Predicting Item Survival for Multiple Choice Questions in a High-Stakes Medical Exam
Victoria Yaneva | Le An Ha | Peter Baldwin | Janet Mee
Proceedings of the Twelfth Language Resources and Evaluation Conference

One of the most resource-intensive problems in the educational testing industry relates to ensuring that newly-developed exam questions can adequately distinguish between students of high and low ability. The current practice for obtaining this information is the costly procedure of pretesting: new items are administered to test-takers and then the items that are too easy or too difficult are discarded. This paper presents the first study towards automatic prediction of an item’s probability to “survive” pretesting (item survival), focusing on human-produced MCQs for a medical exam. Survival is modeled through a number of linguistic features and embedding types, as well as features inspired by information retrieval. The approach shows promising first results for this challenging new application and for modeling the difficulty of expert-knowledge questions.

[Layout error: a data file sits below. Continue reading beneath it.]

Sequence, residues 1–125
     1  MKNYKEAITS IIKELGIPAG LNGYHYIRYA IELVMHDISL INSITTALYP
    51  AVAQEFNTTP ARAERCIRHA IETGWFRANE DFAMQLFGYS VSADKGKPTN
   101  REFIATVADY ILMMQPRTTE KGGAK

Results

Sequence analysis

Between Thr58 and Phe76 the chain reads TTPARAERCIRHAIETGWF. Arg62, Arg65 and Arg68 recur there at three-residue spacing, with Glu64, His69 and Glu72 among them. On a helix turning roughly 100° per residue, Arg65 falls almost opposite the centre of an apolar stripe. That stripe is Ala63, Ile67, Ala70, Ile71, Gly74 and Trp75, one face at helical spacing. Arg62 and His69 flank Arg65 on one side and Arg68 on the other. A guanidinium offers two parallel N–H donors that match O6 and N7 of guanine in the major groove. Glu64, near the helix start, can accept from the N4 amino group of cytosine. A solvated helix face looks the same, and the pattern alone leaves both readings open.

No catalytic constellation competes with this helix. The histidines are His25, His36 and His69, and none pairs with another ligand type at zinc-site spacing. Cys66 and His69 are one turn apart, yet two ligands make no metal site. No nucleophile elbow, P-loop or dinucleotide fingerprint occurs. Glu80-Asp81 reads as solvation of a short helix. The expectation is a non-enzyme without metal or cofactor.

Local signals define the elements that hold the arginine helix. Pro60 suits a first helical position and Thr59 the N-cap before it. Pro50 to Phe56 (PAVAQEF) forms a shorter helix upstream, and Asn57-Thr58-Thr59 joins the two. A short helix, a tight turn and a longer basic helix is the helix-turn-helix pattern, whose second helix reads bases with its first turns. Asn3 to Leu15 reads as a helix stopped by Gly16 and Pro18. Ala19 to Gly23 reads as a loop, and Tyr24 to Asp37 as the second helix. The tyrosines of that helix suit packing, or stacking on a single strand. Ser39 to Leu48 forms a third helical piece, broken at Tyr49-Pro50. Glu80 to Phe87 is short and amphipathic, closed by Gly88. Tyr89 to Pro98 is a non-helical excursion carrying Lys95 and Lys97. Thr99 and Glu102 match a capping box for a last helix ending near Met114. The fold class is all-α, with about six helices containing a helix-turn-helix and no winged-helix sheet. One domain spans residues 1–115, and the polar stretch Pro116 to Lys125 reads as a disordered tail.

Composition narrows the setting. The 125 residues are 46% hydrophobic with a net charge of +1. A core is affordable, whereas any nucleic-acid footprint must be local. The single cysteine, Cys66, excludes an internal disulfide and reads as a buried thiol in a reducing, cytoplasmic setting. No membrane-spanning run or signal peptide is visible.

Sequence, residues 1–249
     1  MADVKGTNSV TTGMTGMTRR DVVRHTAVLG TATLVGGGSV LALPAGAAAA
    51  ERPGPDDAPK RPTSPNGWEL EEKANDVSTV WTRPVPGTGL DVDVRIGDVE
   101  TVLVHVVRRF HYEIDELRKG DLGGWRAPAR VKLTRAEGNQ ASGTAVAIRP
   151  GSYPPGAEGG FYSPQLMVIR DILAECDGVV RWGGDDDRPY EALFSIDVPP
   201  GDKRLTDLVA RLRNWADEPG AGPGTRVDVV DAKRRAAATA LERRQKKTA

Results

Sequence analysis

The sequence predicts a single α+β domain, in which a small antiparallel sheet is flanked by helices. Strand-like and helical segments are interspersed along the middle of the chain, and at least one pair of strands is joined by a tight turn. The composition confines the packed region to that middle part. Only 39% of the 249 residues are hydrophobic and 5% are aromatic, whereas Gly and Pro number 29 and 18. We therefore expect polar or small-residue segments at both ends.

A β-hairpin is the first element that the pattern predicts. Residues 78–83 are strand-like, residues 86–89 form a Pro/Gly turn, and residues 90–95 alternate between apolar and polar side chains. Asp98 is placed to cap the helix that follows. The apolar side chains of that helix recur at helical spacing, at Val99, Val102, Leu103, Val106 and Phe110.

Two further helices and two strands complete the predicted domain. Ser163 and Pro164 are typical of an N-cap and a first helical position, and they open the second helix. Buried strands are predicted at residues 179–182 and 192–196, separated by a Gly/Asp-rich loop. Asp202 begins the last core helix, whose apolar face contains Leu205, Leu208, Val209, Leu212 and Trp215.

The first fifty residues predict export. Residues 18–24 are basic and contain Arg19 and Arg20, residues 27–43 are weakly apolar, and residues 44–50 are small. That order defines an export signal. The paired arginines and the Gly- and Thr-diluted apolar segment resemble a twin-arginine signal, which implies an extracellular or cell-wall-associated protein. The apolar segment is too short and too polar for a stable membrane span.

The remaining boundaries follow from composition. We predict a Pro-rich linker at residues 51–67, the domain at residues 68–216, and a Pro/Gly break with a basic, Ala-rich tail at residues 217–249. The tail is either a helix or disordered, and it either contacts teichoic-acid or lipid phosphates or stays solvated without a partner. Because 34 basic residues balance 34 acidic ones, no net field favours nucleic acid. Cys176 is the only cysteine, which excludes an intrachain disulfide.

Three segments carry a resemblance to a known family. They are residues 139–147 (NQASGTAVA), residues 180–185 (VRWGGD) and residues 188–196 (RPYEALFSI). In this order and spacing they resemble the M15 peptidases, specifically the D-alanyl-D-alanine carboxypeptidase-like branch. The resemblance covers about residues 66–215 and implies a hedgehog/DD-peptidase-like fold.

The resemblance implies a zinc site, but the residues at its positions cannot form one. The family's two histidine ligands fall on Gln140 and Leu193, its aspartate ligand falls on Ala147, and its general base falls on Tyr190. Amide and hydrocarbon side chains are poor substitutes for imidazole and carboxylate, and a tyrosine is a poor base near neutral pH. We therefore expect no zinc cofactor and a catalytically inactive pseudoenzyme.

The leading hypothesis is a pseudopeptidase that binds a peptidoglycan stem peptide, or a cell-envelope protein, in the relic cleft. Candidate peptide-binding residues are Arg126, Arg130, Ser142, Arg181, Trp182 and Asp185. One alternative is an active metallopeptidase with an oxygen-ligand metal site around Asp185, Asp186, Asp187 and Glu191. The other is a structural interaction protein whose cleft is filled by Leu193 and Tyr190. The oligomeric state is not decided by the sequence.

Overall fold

Verbal Multiword Expressions for Identification of Metaphor
Omid Rohanian | Marek Rei | Shiva Taslimipoor | Le An Ha
Proceedings of the 58th Annual Meeting of the Association for Computational Linguistics

Metaphor is a linguistic device in which a concept is expressed by mentioning another. Identifying metaphorical expressions, therefore, requires a non-compositional understanding of semantics. Multiword Expressions (MWEs), on the other hand, are linguistic phenomena with varying degrees of semantic opacity and their identification poses a challenge to computational models. This work is the first attempt at analysing the interplay of metaphor and MWEs processing through the design of a neural architecture whereby classification of metaphors is enhanced by informing the model of the presence of MWEs. To the best of our knowledge, this is the first “MWE-aware” metaphor identification system paving the way for further experiments on the complex interactions of these phenomena. The results and analyses show that this proposed architecture reach state-of-the-art on two different established metaphor datasets.